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The Police Should Arrest Manana's Co-Attackers As Well, Says Victim Mandisa Duma

She says it was not just Manana who assaulted her, it was "four or five" of his male companions who beat her and two friends.

11/08/2017 07:18 SAST | Updated 11/08/2017 07:18 SAST
Frennie Shivambu / Gallo Images
Deputy Minister of Higher Education Mduduzi Manana at the 2017 State of the Nation address in Cape Town on February 9 2017.

Mandisa Duma, one of the women who has accused Deputy Minister of Higher Education Mduduzi Manana of assaulting her, has called for the other men involved in the assault to be arrested as well, the Mail & Guardian reported on Friday.

Manana appeared in court briefly on Thursday and was granted bail of R5,000. His case was postponed until September 13 for further investigation. He was charged with two counts of assault with intent to do grievous bodily harm.

In an interview with the Mail & Guardian, Duma said it was not just Manana who assaulted her, it was "four or five" of his male companions who beat her and two friends outside Cubana in Fourways in the early hours of last Sunday morning.

She reportedly said that Manana and his henchmen dragged her to the ground, and their blows prevented her from standing up.

She told the Mail & Guardian: "My whole body is in pain. I still need to go to the gynae tomorrow because I was being kicked everywhere around my stomach."

Duma reportedly said Manana should reveal the names of his alleged accomplices.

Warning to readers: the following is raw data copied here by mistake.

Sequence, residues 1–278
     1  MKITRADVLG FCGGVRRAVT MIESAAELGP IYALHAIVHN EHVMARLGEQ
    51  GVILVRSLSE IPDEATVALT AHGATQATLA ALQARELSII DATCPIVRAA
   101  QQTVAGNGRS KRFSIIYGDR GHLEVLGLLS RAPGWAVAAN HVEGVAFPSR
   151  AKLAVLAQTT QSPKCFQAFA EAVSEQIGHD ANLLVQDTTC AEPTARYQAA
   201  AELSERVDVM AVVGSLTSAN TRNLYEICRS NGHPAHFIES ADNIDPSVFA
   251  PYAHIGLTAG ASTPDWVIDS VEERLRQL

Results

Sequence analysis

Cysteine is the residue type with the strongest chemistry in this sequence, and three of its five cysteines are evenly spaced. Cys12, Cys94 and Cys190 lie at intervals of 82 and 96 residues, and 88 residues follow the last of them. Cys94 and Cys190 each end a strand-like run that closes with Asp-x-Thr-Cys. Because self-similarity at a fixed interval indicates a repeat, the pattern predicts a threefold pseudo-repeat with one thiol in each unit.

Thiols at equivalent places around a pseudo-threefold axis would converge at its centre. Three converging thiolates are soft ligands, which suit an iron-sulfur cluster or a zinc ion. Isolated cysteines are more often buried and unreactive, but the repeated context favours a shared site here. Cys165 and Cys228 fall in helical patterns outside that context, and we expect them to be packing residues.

"He must bring those friends so that we know who they are, so that they can be charged as well."

Phindi Louw, a spokesperson for the National Prosecuting Authority, said on Thursday that Manana had handed himself over to the police on Thursday morning, and that because the charge was a schedule one offence, the state did not have grounds to oppose bail. She denied that he received special treatment in court.

Manana was brought into court through a back entrance, avoiding media attention.

According to The Times, Police Minister Fikile Mbalula called the assault the work of "a clan of men who joined to exchange masculine punches with a woman". He said Manana did not receive special treatment and that he was not a flight risk.

But Ulrich Roux of BDK Attorneys told The Times that a double standard was being applied.

"Normally, when a person is accused of assault, then the police have an option of bringing him into court or to the police station to process him and take him to court to apply for bail. The court then decides whether that person qualifies as someone who should be released on bail. There's various ways of bringing a person into court. The police could have requested that the deputy minister report and hand himself over to the police station so that the normal processes take its course, or they can go out and arrest him."

Meanwhile, the ANC says it cannot act against Manana until it has conducted its own investigation.

Chairperson of the ANC's integrity commission Andrew Mlangeni reportedly said the party needed to establish whether the assault allegations were true or not before taking action.